For several years now, industry futurists have been predicting the death of technical support as we know it. However, recent research by HDI shows that, to paraphrase author Mark Twain, reports of support’s death have been grossly exaggerated.
According to the 2015 HDI Support Center Practices & Salary Report, demand for support—gauged by the number of tickets (cases) handled—is up in nearly two-thirds of support centers. This is the continuation of a trend we’ve seen for at least seven years: Each year, the number of tickets goes up. Some have speculated that this is due to the increase in automation, but only 16 percent of the tickets were generated without human intervention.
Hiring in the industry is healthy, with 28 percent of organizations (companies, universities, hospitals, etc.) creating and filling new positions, and another 51 percent filling positions as they become open. Only four percent of organizations are cutting staff.
Sought-after technical support skills
The top five skills support centers want are:
- Customer service skills
- Communication skills
- Ability to learn quickly
- Troubleshooting and problem-solving skills
- Ability to work under pressure
Frontline support analysts must be able to listen to and empathize with customers who have suffered an interruption or need a service as fast as possible; they must also be able to speak and write clearly, learn on-the-fly, solve problems, and do it all quickly, under pressure, in accordance with rules and guidance, and in conjunction with their teammates.
Customer service skills are more important now across the board—in part because consumer expectations are higher. Thanks to Google, Apple, and other companies that have mastered the user interface, customers—internal and external alike—think like consumers and expect simplicity, immediacy and ease of use. Internal support is no exception, because there is now competition where none existed before. Cloud technologies have made shadow IT (applications and services installed and used without the knowledge or approval of IT) more widespread, and the ability to put a cloud application or system to use immediately by entering a credit card number changes the role and mandate of service and support.
Almost two-thirds of those who work in technical support centers say they’re satisfied with their work, and an additional 15-20 percent say they’re very satisfied.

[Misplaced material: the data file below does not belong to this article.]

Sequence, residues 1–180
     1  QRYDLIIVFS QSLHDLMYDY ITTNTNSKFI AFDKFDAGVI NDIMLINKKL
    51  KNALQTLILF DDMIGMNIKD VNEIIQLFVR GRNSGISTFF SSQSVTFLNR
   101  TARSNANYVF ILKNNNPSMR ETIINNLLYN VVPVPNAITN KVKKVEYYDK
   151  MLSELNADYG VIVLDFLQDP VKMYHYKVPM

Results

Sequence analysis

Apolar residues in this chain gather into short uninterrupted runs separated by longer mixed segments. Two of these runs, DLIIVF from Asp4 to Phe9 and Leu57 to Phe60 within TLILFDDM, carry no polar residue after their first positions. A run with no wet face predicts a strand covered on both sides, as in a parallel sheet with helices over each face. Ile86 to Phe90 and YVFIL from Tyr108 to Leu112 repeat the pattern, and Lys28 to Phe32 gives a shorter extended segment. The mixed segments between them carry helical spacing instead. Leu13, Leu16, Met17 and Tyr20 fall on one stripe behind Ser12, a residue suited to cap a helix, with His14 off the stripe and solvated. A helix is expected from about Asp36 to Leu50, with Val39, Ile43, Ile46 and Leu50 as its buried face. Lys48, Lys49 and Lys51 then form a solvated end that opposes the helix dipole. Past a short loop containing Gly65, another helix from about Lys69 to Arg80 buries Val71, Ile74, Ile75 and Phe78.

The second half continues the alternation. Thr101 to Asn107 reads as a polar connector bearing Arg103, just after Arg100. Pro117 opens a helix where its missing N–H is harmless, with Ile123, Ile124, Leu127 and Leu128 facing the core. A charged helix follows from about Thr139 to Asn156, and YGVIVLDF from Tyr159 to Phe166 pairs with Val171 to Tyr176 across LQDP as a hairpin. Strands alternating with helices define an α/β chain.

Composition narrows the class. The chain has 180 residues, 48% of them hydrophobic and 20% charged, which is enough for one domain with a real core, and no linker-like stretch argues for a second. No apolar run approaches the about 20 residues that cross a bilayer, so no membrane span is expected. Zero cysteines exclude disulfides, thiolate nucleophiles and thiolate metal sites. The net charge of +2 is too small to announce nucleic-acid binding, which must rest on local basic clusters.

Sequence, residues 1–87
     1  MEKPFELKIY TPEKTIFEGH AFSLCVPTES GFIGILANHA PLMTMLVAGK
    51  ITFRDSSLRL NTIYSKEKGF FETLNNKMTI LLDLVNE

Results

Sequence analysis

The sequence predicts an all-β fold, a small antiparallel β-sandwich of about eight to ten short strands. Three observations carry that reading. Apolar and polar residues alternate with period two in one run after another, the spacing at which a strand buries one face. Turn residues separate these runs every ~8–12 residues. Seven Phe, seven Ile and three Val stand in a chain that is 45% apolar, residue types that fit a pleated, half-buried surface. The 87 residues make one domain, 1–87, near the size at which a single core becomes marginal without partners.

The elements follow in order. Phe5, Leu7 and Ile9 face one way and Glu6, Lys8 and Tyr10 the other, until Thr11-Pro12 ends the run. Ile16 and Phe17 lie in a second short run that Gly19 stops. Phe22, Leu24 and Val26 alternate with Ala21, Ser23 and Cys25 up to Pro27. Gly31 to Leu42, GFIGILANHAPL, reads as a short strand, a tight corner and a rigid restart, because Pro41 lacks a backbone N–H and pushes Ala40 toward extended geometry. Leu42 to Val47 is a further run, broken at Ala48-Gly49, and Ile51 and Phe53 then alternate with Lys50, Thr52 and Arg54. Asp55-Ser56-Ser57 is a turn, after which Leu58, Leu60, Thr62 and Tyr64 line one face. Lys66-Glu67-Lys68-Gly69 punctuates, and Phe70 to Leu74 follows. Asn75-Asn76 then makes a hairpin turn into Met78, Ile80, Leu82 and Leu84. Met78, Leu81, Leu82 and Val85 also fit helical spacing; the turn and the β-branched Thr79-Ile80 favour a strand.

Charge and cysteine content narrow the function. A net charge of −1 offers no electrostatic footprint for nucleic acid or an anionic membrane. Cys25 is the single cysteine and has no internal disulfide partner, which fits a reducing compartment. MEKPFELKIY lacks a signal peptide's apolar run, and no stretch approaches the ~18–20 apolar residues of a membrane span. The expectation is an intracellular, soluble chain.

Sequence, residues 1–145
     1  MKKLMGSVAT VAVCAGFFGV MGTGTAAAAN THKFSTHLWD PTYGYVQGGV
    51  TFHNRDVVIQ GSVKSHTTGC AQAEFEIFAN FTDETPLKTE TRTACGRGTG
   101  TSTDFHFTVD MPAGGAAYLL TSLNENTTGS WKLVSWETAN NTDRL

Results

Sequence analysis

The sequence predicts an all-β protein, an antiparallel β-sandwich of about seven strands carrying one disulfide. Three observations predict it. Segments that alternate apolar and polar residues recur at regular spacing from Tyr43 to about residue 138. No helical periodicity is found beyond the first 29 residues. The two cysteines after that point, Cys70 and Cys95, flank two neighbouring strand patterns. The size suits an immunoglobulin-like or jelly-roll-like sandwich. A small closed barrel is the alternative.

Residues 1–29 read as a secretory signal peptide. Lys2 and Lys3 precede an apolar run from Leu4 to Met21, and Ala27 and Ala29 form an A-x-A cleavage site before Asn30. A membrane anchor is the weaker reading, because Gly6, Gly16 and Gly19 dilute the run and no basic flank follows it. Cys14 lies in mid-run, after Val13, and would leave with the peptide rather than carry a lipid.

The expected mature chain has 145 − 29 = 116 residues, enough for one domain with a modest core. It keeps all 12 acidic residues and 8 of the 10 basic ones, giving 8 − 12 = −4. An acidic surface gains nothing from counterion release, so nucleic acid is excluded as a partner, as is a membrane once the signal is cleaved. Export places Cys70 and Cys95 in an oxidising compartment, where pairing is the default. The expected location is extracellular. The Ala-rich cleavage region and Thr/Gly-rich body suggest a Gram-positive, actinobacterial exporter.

Among the factors contributing to a satisfied staff, relationships within the team was the most selected (72 percent), and management was the second most selected (65 percent). Compensation scored far lower, at 52 percent, and barely ahead of organizational culture (51 percent).
In previous research performed jointly with Robert Half Technology, we found that the most important elements of an organization’s culture—from a staff perspective—included opportunities to learn, access to training and development, work/life balance, attainable performance goals, and opportunities for advancement.
If you want to work in the field of technical support, you should concentrate not only on understanding the technical side, but on customer service and communication skills. If you do get to work in this field, chances are you’ll be a satisfied employee with a busy and challenging career ahead.
In a forthcoming Focus Paper, HDI Senior Writer/Analyst Roy Atkinson discusses results of recent research as it relates to the people in support. This post highlights a few of the topics in the paper.
Roy Atkinson is HDI's senior writer/analyst, acting as in-house subject matter expert and chief writer for blogs, articles and white papers and is a member of the HDI International Certification Standards Committee. Roy is a popular speaker at HDI conferences and local chapters. He has a background in service desk and desktop support, as well as small-business consulting. He studied Advanced Management Strategy at Tulane University’s Freeman Graduate School of Business, and holds HDI certifications as a Support Center Manager (HDI-SCM) and Knowledge-Centered Support Foundation (KCSF). Roy is on Twitter @HDI_Analyst and @RoyAtkinson.